– The Clinical Design Group has been focused on identifying and documenting clinical requirements and ensuring clinical safety. I led the modelling component of this work, using archetypes as the vendor-neutral ‘straw person’, rather than starting from scratch. This fast-tracked the discussions because there was not a lot of disagreement about the content in the archetypes, descriptions etc. So the discussion was then tightly focused on what was in scope for the first release and what was out of scope. The clinicians felt engaged and heard in ways they haven’t in the past.
    Only one data group is not directly derived from an equivalent archetype - the context of an encounter, and it probably needs to be pushed back to CKM as a change request.
    – Release 1 of AUCDI is very tightly scoped - the adopted mantra is ‘core of the core’, the common bare bones of data that will start us on a journey towards a growing library of ‘data groups’/archetypes. I think of the current scope of AUCDI R1 as a minimalistic openEHR template but in a temporary Word format.
    – The Technical Design Group takes the AUCDI and transforms it into FHIR logical models and IGs.
    – Tooling of the end-to-end tool chain from clinical requirements gathering through to FHIR Igs including traceability is also in scope. We have early draft tools creating FHIR logical models directly from mindmaps in the first instance, and potentially ADL in the near future.
  3. I did speak to it at the Netherlands meeting, although it was not recorded. I do intend to re-record it, and hopefully will carve out some time for that now that the AUCDI is in the wild!
    Even better, I can introduce the Sparked team leads to other interested programs. No more, just ‘Heather says’! There has already been a significant collaboration with many national programs - transparency and collaboration is the only way they know to operate, which is hugely refreshing!
  4. The AUCDI Release 1 document out for public comment accurately discloses what is the current public position - that openEHR archetypes have played a critical part in the development of the specs. And the simple reason for this is that the AeHRC team leading this work determined it was the best tool for the job and was a far better use of public funds than starting from scratch!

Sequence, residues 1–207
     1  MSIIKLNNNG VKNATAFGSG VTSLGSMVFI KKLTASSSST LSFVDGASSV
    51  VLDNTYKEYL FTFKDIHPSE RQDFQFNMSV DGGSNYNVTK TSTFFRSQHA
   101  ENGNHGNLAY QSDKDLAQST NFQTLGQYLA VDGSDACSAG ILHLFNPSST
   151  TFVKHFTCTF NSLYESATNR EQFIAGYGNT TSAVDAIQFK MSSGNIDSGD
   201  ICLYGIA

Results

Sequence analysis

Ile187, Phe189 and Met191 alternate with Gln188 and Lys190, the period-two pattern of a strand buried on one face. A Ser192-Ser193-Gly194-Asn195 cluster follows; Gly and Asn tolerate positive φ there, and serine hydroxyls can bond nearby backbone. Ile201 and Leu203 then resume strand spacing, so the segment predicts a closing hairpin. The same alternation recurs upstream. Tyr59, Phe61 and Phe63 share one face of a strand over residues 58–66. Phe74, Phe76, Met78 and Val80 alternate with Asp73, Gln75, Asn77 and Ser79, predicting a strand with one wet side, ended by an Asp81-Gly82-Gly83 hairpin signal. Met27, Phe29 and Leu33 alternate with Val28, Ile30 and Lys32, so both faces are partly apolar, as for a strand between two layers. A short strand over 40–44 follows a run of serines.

I have no authority to make any further representation about what Australia is ‘thinking’. However, I will emphasise that this new program and new approach is sponsored by all the peak bodies in Australia - led by the Australian eHealth Research Centre (as part of the CSIRO, Australia’s national science agency); funded and driven by the Australian Department of Health and Aged Care; supported by HL7 Australia and the Australian Digital Health Agency. This significant partnership has never happened in this way before.
    We have a very ambitious 2-year funded plan with multiple deliveries. Information about the program is publicly available on Confluence. AUCDI Release 1, as the first delivery, was released for public comment last Friday and will be published in May. Planning for R2 is about to begin, and a parallel eRequesting program of work (consuming some of the AUCDI release 1 work) commenced with F2F workshops yesterday.

Early days, watch this space carefully.


Great! We discussed this within openEHR Sweden today and would like to have a meeting to hear/ask more. We’ll try to coordinate this as a joint meeting with HL7 Sweden. If I am correctly infomed I also believe that Mariaäcklund-hassel-7507605/ at The Swedish eHealth Agency has connections to Sparked and might also help contact them regarding such a meeting.

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If I have understood things correctly there will be a meeting on Monday the 22:nd of April, at 08.00-09.00 CET.

It is the Swedish eHealth Agency (via @Daniel_Karlsson?) that has invited representatives from the Australian SPARKED project. Info about the meeting is also distributed via HL7 Sweden and openEHR Sweden.


Thanks @erik.sundvall ! Is this is part of the Nordic Precison Medicine Meeting? Is it possible to follow this part of the meeting online?

(I still think “Heather says” carries much weight.)


@SDubois, I believe more info will be available late Friday afternoon in notes on the page
(I do not have any invitation link myself yet.)

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Thank you, Erik.

I’d be interested in a recording or summary of the meeting.

A further update:
"Australian eRequesting Data for Interoperability (Release 1) (AUeReqDI) is now available for open community comment! :star2:

**The AUeReqDI builds upon and complements the foundational Australian Core Data for Interoperability (AUCDI) and focuses on the specific use case of eRequesting.

The AUeReqDI aims to standardise the capture, structure, usage, and exchange of health data to support a broad approach to eRequesting within the Australian health context.

The initial release of the AUeReqDI focuses on electronic pathology and medical imaging requests in primary and community-based care provision.

:calendar: The community comment period for AUeReqDI R1 closes on 14th June 2024.

To find out more and provide feedback on the AUeReqDI, please see the Sparked website ."

This is the second deliverable in 9 months for Sparked!

The main reason it is evolving at a ripping pace is because the clinical requirements specifications are underpinned by our openEHR archetypes again and, in return, it is also funding and providing new archetypes back to the openEHR community: